Alternative energy sources are seen by many people as potential solutions to the many economic and environmental challenges posed by the current dominance of world energy supply by fossil and nucler fuels. Just how realistic are these hopes? Energy resources: Alternative energy in perspective, is a free course that summarises the technical and geographic challenges posed by each alternative source. It is left to you to judge the feasibility of implementing these changes against the claims for 'alternative' solutions to global energy challenges that are regularly made.
There is a fascinating world of nature all around us which we can see if we know how to look for it. Wherever you live, be it in a city or the countryside, you will find areas that support a range of wildlife. This free course, Neighbourhood nature, will provide you with basic scientific and observational skills so that you can go into your local neighbourhood to discover the animals and plants in open spaces. You will learn how to observe, identify and record the wildlife around you, building up a picture of a small part of your local environment.
In the 18th and 19th century evolutionary biologists, including Darwin, emphasised the similarities between natural evolution and artificial 'improvement' of livestock under domestication. They believed that studying domesticated animals and plants could illuminate the mechanisms of natural evolution. This free course, Evolution: artificial selection and domestication, provides an introduction to their work.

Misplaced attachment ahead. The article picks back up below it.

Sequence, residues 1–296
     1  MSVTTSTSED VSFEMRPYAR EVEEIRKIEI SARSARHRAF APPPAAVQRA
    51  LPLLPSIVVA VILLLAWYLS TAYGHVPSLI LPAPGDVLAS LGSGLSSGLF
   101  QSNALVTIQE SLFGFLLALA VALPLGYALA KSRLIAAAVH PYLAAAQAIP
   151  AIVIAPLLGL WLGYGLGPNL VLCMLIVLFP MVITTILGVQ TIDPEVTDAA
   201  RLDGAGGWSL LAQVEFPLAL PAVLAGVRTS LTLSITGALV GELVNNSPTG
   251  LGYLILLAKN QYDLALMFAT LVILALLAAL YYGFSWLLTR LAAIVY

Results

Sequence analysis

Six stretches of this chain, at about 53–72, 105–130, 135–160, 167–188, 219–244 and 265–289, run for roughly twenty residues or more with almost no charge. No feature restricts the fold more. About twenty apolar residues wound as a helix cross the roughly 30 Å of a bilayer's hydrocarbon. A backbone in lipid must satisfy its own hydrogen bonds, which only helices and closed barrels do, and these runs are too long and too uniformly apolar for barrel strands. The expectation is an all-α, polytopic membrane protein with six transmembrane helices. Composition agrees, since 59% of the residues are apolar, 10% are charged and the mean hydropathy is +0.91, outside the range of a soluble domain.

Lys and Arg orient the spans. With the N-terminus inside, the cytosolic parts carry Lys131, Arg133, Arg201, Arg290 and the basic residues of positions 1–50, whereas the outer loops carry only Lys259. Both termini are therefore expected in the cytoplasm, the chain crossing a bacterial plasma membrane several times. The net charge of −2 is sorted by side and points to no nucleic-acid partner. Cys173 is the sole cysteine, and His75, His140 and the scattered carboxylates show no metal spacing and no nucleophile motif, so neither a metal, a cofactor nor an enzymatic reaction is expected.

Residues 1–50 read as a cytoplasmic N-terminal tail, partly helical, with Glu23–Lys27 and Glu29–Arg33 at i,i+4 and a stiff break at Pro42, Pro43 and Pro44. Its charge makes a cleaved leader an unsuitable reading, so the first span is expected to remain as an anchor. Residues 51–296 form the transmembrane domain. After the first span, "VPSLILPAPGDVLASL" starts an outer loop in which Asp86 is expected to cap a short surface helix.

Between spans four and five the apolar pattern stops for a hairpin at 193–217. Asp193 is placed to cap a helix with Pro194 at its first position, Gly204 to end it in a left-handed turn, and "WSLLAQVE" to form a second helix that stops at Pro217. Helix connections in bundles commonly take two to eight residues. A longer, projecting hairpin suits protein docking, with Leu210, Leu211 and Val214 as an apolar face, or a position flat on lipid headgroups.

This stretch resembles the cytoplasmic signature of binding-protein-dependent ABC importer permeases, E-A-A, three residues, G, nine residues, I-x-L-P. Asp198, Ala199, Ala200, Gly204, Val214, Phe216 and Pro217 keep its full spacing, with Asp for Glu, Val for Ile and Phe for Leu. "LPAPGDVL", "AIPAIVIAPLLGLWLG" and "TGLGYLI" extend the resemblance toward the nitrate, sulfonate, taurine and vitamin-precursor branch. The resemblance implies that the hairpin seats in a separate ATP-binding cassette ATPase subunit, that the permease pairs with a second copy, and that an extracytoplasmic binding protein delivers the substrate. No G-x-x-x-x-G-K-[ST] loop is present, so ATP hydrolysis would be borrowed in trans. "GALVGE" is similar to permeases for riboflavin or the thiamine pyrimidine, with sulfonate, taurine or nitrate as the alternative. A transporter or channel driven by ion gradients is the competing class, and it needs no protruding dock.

The extreme challenges of life in the polar regions require the animals who make their habitat there to make many adaptations. This free course, Animals at the extremes: Polar biology, explores the polar climate and how animals like reindeer, polar bears, penguins, sea life and even humans manage to survive there. It looks at the adaptations to physiological proceses, the environmental effects on diet, activity and fecundity, and contrasts the strategies of aquatic and land-based animals in surviving in this extreme habitat.
Christine Majul under Creative Commons BY 4.0 licensearticle icon
This free course, 'Land grab': an environmental issue?, explores how environmental problems are entangled with economic and political issues and offers tools for making sense of the complexity that results. The case of land grab illustrates how everyday issues such as food prices are caught up in connections that link different places, different people and their livelihoods across the globe; connections that are brought to life in the course through rich audio-visual material and interactive activities.